Review: Elizabeth Rose, Baro | Oxford Art Factory, Sydney

Written By Zanda Wilson on 06/25/2016

ElizabethRoseElizabeth Rose wrapped up her national tour last night in her hometown of Sydney, and it went off with a bang. To warm up the stage for Lizzy, her good mate Baro took to the stage and pretty much spat straight fire for around an hour. “It doesn’t sound like Aussie hip-hop,” my mate commented to me as we arrived just after the beginning of Baro’s set – and he couldn’t have been more spot on.

There’s a reason why guys like Allday and Spit Syndicate are touting Baro as one of the next artists out of Australia really ready to explode – and his voice is the main factor in this regard. His support set combined incredibly smooth, almost Miguel-like singing, with captivating and driven rhymes. His audience engagement was sufficient without being amazing – and this was in part due to his MC who, with his accompanying vocals, often drowned out Baro. He wasn’t a bad MC necessarily, perhaps he was just over-zealous.

The stage was then set for everyone’s favourite producer/instrumentalist/dancer/LGTB activist to take the stage, but we were then left waiting for almost half an hour as Rose struggled to get her visuals tested and working. Why this wasn’t done at some point during the day is mind-boggling, as the crowd began to get seriously frustrated. It was a massive shame to be honest, and coupled with the fact that the crowd was fairly small by Oxford Art Factory standards anyway – this delay and the fact that we could actually see Rose’s Mac up on the screen on stage kind of was an unnecessary vibe killer early on.

When she eventually took to the stage, Elizabeth Rose gave a performance that only she could give – proving that her musicality, unique style and dance moves were not the reason why the venue had not sold out. After a national DJ tour in 2015, Rose brought her debut album INTRA to life in a starkly different way, and one that she had had teased at her 2015 Splendour set.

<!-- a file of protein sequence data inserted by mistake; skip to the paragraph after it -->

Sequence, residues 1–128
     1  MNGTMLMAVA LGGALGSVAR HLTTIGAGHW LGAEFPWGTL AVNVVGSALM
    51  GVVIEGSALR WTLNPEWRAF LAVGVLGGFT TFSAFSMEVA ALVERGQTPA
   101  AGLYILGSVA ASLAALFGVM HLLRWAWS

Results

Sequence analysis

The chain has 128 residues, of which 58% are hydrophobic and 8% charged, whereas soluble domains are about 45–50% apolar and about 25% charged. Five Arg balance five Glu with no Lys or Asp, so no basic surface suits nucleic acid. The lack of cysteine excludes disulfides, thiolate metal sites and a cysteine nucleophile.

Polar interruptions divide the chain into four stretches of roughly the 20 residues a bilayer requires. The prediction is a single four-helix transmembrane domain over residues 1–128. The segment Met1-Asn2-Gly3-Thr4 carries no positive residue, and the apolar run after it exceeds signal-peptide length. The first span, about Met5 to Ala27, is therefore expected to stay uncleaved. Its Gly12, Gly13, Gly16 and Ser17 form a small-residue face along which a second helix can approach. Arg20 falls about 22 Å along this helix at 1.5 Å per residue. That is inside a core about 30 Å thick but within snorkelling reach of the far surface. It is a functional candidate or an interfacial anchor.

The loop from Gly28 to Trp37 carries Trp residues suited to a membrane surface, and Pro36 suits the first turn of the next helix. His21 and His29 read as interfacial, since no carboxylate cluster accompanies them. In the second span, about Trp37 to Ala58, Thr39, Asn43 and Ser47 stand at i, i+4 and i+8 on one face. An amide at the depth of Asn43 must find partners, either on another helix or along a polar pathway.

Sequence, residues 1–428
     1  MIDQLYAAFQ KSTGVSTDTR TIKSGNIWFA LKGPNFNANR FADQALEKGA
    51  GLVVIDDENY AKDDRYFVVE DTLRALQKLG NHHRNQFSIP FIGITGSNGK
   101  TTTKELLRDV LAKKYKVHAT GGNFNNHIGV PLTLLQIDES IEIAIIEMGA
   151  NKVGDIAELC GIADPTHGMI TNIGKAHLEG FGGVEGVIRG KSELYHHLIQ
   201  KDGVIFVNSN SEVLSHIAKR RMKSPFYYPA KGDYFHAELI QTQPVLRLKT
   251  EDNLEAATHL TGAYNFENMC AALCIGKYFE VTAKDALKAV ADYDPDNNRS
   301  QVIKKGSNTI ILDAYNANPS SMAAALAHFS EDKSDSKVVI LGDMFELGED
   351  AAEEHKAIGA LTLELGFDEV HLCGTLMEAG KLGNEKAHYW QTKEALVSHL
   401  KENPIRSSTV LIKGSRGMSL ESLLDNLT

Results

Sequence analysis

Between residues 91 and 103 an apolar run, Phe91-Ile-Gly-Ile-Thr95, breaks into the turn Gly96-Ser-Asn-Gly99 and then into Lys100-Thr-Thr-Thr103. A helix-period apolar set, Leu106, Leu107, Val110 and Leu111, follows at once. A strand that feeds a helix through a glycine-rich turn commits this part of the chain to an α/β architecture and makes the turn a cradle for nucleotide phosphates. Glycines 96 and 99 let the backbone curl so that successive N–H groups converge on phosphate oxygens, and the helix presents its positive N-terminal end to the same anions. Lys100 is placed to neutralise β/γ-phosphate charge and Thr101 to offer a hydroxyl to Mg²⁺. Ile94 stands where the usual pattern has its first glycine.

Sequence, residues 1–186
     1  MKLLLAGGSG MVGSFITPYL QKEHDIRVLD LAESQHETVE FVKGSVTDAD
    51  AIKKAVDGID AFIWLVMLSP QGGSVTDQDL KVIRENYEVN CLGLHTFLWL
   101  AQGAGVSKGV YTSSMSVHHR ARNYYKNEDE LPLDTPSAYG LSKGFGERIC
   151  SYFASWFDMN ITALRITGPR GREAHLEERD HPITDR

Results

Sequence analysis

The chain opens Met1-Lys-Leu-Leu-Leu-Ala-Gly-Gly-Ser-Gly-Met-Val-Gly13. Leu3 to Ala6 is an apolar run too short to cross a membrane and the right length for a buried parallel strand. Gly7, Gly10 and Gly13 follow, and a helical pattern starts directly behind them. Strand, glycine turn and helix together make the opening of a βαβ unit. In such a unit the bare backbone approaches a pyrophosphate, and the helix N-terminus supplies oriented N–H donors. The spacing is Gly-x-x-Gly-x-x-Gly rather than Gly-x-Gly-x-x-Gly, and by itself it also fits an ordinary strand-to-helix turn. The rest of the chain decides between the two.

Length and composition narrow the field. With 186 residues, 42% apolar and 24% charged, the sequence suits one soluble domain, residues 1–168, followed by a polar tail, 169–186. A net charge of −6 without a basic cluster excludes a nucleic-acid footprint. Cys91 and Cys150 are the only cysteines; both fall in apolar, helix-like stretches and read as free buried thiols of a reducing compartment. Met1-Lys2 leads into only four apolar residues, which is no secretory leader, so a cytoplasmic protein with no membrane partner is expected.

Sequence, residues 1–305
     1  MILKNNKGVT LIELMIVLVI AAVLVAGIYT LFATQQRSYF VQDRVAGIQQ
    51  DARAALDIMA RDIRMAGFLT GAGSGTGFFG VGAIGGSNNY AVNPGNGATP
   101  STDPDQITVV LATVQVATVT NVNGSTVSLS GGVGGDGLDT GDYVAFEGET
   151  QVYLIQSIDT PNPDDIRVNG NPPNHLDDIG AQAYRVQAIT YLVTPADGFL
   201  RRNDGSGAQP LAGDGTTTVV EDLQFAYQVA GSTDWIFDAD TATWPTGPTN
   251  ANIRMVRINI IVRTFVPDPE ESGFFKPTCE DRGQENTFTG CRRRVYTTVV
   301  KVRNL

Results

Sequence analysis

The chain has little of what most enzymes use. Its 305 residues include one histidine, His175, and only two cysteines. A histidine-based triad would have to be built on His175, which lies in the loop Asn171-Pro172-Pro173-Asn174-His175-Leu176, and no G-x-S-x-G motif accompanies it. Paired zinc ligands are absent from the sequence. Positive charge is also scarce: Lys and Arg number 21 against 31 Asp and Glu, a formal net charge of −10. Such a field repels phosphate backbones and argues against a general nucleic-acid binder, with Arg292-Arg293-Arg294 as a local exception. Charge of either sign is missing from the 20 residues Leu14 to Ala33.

The singing and dancing Rose belted out tracks, accompanied by a set of backup dancers – who together performed some awesome choreography, led by Rose herself. Her MC played the part perfectly as well, trading harmonies with Rose when needed and not intruding on her stage presence at all. An early highlight of the set was one of her older hits Sensibility, before she launched into a heap of tracks from the new LP.

Despite the delay in setting it up, the trippy visuals were absolutely epic. Whether they were worth an extra half an hour’s wait is up for debate, but they suited the dancing and music perfectly – and rounded out what was undeniably a complete visual performance. More high points came as Rose sang her Chrome Sparks collab Another Earth, before one of the climaxes of the evening unsurprisingly came care of her biggest radio hit to date and lead single from INTRA; Shoulda, Woulda, Coulda – easily the best crowd singalong of the evening.

The crowd’s response to her rendition of the marriage-equality themed Division was overwhelmingly positive, with members of the LGTB community out in force to see Rose – who has become something of a marquee figurehead for the LGTB rights movement.

Baro then came back out to raucous applause, doing justice to REMI’s verse on Playing With Fire – before the two thanked one another, and her dancers, then leaving the stage. Lizzy Rose had perhaps sold her farewell too well – as the crowd began to dissipate before Rose returned to perform Again for her encore.